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New Zealand manufacturing activity shrinks for first time in 7 years

[WELLINGTON] New Zealand's manufacturing activity contracted in July for the first time since 2012, a survey showed on Friday, as new orders and employment conditions worsened.

The Bank of New Zealand-Business NZ's seasonally adjusted Performance of Manufacturing Index (PMI) was 48.2, down 2.9 points from June's downwardly revised 51.1.

A reading above 50 indicates an expansion in activity, while anything below that threshold indicates contraction.

BNZ senior economist Craig Ebert said while July's PMI did not confirm the wider economy was contracting the decline was "certainly something to take note of".

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The New Zealand dollar dropped 0.2 per cent to $0.6437 after the PMI release.

Concerns have been mounting over slowing growth in New Zealand, as the economy faces headwinds from the US-China trade tensions and fears of a global recession.

New Zealand's central bank stunned markets last week with a steep 50 basis-point cut to the official cash rate (OCR) and flagged the risk of negative rates to fight slowing growth.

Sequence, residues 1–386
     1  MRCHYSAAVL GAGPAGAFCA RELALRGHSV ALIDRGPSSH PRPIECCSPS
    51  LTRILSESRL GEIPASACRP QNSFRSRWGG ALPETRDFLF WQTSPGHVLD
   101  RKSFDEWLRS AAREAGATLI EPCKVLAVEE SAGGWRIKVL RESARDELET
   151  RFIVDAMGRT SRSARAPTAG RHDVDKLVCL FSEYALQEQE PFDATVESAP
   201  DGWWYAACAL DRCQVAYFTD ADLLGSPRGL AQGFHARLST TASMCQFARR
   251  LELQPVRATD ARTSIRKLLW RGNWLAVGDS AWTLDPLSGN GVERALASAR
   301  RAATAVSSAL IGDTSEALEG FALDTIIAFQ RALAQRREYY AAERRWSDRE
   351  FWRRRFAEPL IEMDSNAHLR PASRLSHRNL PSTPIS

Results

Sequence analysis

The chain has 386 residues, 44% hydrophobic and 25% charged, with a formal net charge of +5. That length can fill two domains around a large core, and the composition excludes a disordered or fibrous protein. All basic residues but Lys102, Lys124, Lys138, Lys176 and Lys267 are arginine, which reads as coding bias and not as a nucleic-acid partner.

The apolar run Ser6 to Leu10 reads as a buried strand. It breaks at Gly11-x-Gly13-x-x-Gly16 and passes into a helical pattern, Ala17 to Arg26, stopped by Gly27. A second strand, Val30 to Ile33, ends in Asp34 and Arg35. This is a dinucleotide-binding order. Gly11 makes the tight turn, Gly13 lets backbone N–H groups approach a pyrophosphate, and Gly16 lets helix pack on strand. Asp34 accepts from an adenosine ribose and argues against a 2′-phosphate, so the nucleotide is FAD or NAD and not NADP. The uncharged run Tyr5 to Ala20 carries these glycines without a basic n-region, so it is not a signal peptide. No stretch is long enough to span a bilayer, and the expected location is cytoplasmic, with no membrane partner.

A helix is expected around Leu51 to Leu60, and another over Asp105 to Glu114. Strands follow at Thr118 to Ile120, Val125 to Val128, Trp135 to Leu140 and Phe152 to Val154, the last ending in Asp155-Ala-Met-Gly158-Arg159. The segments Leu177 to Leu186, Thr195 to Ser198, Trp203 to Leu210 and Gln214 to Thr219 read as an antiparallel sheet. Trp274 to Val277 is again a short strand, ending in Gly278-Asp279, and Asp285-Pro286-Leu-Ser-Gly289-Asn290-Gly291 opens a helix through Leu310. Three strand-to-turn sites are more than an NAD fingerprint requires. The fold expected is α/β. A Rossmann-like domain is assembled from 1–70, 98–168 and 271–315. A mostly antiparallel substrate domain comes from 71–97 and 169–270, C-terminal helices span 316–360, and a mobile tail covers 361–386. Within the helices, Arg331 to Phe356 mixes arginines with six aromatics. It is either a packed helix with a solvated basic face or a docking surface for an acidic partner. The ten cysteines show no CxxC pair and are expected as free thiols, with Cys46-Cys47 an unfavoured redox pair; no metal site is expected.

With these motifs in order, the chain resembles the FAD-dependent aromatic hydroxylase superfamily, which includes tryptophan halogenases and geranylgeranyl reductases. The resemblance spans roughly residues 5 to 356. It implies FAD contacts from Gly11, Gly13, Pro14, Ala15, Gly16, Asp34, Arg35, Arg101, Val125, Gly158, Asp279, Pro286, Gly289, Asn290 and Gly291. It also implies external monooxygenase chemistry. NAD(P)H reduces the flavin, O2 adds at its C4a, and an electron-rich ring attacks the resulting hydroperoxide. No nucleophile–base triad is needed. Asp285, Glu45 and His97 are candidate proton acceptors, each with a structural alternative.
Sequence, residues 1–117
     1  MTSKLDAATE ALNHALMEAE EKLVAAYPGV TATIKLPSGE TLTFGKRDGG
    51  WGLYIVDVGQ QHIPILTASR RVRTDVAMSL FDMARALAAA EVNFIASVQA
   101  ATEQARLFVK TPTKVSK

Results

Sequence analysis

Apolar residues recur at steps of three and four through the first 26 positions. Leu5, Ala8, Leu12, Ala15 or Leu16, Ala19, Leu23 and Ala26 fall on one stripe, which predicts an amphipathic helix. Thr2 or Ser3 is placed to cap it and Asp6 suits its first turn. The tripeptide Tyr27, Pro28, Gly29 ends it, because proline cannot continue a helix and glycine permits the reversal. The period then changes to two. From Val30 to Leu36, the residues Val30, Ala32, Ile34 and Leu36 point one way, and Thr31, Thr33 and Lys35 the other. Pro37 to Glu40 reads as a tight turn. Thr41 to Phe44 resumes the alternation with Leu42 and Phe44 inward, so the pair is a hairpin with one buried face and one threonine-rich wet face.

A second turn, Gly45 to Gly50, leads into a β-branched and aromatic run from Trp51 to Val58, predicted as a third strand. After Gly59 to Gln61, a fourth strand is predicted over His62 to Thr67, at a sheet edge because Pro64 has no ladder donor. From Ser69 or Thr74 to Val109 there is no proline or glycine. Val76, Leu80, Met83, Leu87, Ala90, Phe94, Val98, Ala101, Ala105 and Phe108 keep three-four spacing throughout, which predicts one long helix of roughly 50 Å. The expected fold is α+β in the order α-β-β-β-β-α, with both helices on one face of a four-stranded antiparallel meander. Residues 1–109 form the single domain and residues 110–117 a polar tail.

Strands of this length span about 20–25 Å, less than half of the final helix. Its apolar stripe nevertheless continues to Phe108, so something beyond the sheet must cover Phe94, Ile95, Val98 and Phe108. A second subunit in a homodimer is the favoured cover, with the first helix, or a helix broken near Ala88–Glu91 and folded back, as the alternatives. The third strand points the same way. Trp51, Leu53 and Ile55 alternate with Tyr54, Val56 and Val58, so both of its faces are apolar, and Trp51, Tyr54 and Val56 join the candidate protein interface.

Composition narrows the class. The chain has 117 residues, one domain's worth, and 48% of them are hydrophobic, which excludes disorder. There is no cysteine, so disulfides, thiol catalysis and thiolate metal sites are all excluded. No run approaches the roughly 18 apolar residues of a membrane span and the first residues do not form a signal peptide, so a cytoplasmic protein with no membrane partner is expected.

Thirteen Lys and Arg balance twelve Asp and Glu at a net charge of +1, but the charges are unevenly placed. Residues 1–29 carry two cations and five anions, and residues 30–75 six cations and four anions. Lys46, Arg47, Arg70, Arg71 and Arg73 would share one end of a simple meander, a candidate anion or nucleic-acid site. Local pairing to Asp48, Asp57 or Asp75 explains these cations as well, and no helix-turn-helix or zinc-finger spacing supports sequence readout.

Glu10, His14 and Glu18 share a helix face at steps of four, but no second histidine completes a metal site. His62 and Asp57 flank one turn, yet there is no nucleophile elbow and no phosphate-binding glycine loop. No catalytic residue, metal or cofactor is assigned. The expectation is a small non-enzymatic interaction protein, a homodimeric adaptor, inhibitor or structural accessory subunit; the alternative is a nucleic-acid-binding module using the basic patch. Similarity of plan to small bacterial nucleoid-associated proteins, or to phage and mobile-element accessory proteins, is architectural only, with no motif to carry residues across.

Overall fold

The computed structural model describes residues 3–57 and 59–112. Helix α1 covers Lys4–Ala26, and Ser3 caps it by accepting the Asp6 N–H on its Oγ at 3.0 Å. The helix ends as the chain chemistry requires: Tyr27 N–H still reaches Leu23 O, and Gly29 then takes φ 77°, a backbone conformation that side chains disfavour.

Reserve Bank of New Zealand (RBNZ) governor Adrian Orr said on Friday that weak inflation and employment expectations, not current conditions, were the main reason for interest rate cuts.

His comments were a response to an opinion piece by Kirk Hope, chief executive of lobby group BusinessNZ, published on Friday that criticised RBNZ for surprising businesses with the larger-than-expected cut and raising uncertainties by talking of negative interest rates.

Mr Hope said the rate cut did not seem directly related to current inflation or unemployment data.

"We cannot, and do not, set the OCR based on current or historical inflation and employment outcomes. We scan the horizon and chart for the journey. We look ahead - not behind," Mr Orr wrote in his response.

Following the New Zealand surprise, India's central bank cut by a slightly bigger-than-expected 35 bps, while the Bank of Thailand also unexpectedly reduced its key rate.

REUTERS